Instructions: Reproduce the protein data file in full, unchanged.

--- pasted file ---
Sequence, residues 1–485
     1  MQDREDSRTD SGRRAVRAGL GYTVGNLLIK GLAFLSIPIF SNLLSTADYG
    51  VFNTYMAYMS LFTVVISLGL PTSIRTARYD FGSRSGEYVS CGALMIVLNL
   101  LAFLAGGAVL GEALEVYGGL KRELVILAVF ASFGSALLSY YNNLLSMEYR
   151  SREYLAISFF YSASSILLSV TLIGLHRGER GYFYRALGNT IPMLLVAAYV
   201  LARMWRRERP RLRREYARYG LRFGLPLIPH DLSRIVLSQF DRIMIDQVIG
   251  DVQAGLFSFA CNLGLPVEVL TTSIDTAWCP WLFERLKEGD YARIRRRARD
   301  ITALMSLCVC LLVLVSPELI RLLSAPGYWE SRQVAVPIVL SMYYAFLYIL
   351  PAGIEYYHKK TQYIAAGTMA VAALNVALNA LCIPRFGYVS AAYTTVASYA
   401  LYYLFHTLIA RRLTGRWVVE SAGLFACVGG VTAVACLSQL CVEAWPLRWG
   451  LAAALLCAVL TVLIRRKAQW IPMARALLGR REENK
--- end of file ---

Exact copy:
Sequence, residues 1–485
     1  MQDREDSRTD SGRRAVRAGL GYTVGNLLIK GLAFLSIPIF SNLLSTADYG
    51  VFNTYMAYMS LFTVVISLGL PTSIRTARYD FGSRSGEYVS CGALMIVLNL
   101  LAFLAGGAVL GEALEVYGGL KRELVILAVF ASFGSALLSY YNNLLSMEYR
   151  SREYLAISFF YSASSILLSV TLIGLHRGER GYFYRALGNT IPMLLVAAYV
   201  LARMWRRERP RLRREYARYG LRFGLPLIPH DLSRIVLSQF DRIMIDQVIG
   251  DVQAGLFSFA CNLGLPVEVL TTSIDTAWCP WLFERLKEGD YARIRRRARD
   301  ITALMSLCVC LLVLVSPELI RLLSAPGYWE SRQVAVPIVL SMYYAFLYIL
   351  PAGIEYYHKK TQYIAAGTMA VAALNVALNA LCIPRFGYVS AAYTTVASYA
   401  LYYLFHTLIA RRLTGRWVVE SAGLFACVGG VTAVACLSQL CVEAWPLRWG
   451  LAAALLCAVL TVLIRRKAQW IPMARALLGR REENK